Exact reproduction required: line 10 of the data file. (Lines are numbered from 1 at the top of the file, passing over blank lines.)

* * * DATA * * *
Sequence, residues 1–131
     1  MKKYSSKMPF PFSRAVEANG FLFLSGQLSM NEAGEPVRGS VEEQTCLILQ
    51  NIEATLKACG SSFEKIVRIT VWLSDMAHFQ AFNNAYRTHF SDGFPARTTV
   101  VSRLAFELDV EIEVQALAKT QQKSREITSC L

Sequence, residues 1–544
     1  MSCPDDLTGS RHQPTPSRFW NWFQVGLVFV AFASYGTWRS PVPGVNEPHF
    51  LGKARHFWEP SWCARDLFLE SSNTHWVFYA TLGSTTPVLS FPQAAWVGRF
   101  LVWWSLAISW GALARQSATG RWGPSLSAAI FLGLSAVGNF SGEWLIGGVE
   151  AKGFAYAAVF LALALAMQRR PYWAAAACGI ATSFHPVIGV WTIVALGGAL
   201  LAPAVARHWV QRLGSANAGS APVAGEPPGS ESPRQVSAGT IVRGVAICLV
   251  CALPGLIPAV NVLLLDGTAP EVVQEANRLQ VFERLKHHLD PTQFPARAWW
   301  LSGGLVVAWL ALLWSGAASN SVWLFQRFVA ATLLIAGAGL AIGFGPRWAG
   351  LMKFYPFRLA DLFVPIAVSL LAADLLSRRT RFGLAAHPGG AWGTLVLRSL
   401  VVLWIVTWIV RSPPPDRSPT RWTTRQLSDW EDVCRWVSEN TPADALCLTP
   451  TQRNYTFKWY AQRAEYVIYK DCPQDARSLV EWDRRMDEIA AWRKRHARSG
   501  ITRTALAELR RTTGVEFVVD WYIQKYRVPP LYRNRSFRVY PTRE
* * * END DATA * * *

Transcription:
   201  LAPAVARHWV QRLGSANAGS APVAGEPPGS ESPRQVSAGT IVRGVAICLV